It's not overstating the situation to suggest that the week facing Everton could eventually define their entire campaign.
At Goodison Park, where form this term so far has been pretty inconsistent, the Blues are facing up to three huge matches in a row - with a whole lot riding on each one of them.
Carlo Ancelotti has led his side into a brilliant position in the Premier League thus far, staying right in touch with the upper echelons of the table while still having games in hand on many of those around them.
Win those matches and the situation looks even better, but the focus must first be on the task at hand.
Everton have, in fact, looked more impressive away from home than they have on their familiar turf in the league over the course of 2020/21 up to this stage.
It seems a long time ago since the club could hardly buy a win on their travels. Ancelotti has fashioned his side into an effective points-machine on the road.
The Blues have won two more away games and have lost one less match when not playing at Goodison compared to when they are at home.
The manager has been clear over the last few weeks in particular that a lack of supporters inside stadiums is undoubtedly behind this trend, as an increase in away form is something many sides have experienced.
If ever there was a week for Everton to turn the tide on that trend, however, it's now.
First, attention actually turns away from the league table and instead to a competition in which Everton didn't actually get off to a great start.
The Blues had a bit of a scare against Championship strugglers Rotherham United at Goodison earlier this month, needing extra time and the influence of Abdoulaye Doucoure from the bench to see off the threat.
Ancelotti's side might not get so lucky a second time if they allow their performance levels to drop to that again.
A long rest from their last match, which was the win over Wolves, thanks to the postponed fixture against Aston Villa should give ample opportunity for Ancelotti to pick as strong a side as possible despite the tough tests in the Premier League that will follow.
And, of course, the manager will understand the importance of the FA Cup in itself.
Blues supporters have been desperate for success for a long time, and the arrival of the Italian sparked hope that an end to a barren spell without a trophy could be just on the horizon for the club.
This competition still presents the best opportunity that Everton will have in achieving that aim, and their form at the start of this season has shown that it is possible for them to go far.
Ancelotti was brought to Merseyside with the promise of success, of course. He will want to deliver it as soon as he can.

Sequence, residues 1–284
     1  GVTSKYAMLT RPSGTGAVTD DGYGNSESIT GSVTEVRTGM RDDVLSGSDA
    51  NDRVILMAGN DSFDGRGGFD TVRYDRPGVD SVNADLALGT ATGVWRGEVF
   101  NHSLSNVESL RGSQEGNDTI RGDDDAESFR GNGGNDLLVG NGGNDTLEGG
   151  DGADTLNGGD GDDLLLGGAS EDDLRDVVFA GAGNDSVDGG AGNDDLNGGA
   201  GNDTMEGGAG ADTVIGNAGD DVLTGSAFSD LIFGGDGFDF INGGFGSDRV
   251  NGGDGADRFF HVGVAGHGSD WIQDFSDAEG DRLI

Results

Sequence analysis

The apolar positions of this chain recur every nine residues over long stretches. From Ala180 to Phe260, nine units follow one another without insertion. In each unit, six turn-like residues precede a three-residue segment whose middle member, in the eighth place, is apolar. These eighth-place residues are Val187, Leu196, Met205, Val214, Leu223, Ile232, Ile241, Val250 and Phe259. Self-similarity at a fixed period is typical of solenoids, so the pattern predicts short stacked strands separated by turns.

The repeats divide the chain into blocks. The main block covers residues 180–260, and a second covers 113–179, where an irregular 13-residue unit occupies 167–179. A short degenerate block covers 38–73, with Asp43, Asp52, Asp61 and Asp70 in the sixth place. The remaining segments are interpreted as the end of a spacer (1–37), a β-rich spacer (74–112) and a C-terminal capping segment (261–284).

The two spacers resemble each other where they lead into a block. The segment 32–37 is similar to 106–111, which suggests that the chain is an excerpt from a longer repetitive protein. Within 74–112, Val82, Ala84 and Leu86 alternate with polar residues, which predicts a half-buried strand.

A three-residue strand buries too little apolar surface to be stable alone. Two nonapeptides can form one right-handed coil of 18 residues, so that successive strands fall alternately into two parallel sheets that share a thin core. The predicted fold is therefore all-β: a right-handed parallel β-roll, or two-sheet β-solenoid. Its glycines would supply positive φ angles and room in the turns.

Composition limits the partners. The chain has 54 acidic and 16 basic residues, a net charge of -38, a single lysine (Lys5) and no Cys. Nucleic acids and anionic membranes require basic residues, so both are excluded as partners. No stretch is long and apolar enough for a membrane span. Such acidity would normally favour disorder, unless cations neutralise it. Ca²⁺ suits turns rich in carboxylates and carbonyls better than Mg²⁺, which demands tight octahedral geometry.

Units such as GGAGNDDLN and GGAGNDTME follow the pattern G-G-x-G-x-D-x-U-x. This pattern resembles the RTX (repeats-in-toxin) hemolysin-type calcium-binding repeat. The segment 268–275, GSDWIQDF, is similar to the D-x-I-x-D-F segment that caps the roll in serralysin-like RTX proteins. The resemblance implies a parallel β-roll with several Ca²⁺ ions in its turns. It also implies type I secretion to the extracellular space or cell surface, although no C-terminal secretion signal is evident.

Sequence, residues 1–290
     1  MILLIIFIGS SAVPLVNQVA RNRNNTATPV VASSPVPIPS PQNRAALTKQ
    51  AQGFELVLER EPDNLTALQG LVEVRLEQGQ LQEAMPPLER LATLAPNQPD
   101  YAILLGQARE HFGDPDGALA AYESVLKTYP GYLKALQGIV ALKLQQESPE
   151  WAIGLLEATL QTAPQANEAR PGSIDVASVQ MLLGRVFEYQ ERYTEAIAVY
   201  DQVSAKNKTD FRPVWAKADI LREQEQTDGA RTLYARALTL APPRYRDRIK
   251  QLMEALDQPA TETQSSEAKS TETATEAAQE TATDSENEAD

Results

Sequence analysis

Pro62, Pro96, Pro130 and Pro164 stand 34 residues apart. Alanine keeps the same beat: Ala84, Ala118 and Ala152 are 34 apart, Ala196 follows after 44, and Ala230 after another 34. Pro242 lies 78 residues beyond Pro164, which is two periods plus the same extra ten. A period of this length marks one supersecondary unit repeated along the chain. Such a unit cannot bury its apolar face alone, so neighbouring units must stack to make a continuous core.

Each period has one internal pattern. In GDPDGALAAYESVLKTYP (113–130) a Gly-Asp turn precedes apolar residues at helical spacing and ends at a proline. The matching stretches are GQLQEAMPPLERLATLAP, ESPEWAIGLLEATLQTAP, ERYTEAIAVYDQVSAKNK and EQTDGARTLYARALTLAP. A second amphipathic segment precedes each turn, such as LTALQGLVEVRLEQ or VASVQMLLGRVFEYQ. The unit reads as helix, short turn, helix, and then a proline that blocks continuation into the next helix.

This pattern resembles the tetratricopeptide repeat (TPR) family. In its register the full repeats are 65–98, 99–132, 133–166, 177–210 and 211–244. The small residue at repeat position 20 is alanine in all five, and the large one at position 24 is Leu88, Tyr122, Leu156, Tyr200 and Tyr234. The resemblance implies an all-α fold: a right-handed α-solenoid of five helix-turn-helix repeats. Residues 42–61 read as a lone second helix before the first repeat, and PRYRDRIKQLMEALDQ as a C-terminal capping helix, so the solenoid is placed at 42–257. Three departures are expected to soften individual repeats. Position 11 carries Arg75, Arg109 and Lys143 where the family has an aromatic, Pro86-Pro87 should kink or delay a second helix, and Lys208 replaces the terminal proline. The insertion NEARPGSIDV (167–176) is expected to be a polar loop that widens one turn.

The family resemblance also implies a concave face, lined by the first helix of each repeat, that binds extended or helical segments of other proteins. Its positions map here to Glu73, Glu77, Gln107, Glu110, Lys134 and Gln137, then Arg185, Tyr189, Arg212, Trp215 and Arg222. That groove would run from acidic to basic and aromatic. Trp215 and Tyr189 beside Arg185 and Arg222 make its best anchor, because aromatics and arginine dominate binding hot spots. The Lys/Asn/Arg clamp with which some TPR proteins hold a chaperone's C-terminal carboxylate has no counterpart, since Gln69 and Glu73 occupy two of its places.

But, the manager is also desperate to bring European football back to Goodison, and there's no escaping how crucial the match against Leicester City could prove to be in that sense.
Some sections of the fanbase on social media have been a little aggrieved over recent days about the difference in perception on a national basis between the two sides.
Brendan Rodgers' side are performing very well, of course they are, but why are they deemed to be title challengers while Everton are not to some in the wider media sphere?
Regardless of your thoughts on the debate as things stand, the Blues will have to be in much more conversations of that ilk if they were to beat Leicester.
As statements of intent go, victory over the Foxes could be a huge one for Ancelotti's side - against a team who will have had similar ambitions as them at the beginning of the term.
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They have beaten Leicester, Wolves and Spurs away from home in that sense - while Chelsea and Arsenal have been bested at Goodison.
Adding the scalp of Rodgers' side for the second time this season would surely signal that Everton mean business in the race for potential Champions League football.
A loss wouldn't be the end of those hopes, but they would temper the understandable excitement around the club somewhat.
Then, a few days after Leicester, the Blues will be looking for revenge against Newcastle.
An Everton side dogged by injuries and suspensions travelled to St James' Park at the beginning of November and put in one of the most disappointing performances of their season.
Losing 2-1 against a side who now find themselves teetering dangerously above the relegation zone is a real blot on the copy book that they will want to correct.
The manner of the defeat was a concern at the time, following an equally poor performance in a loss to Southampton - but Ancelotti's side have put them behind them since then.
There is, of course, the matter of last January's visit of Newcastle to Goodison to consider as well. Everton need to banish that result from their memories too.
Three games are coming up next week at home which present three very different opportunities for this side to make a statement.
How many can they manage?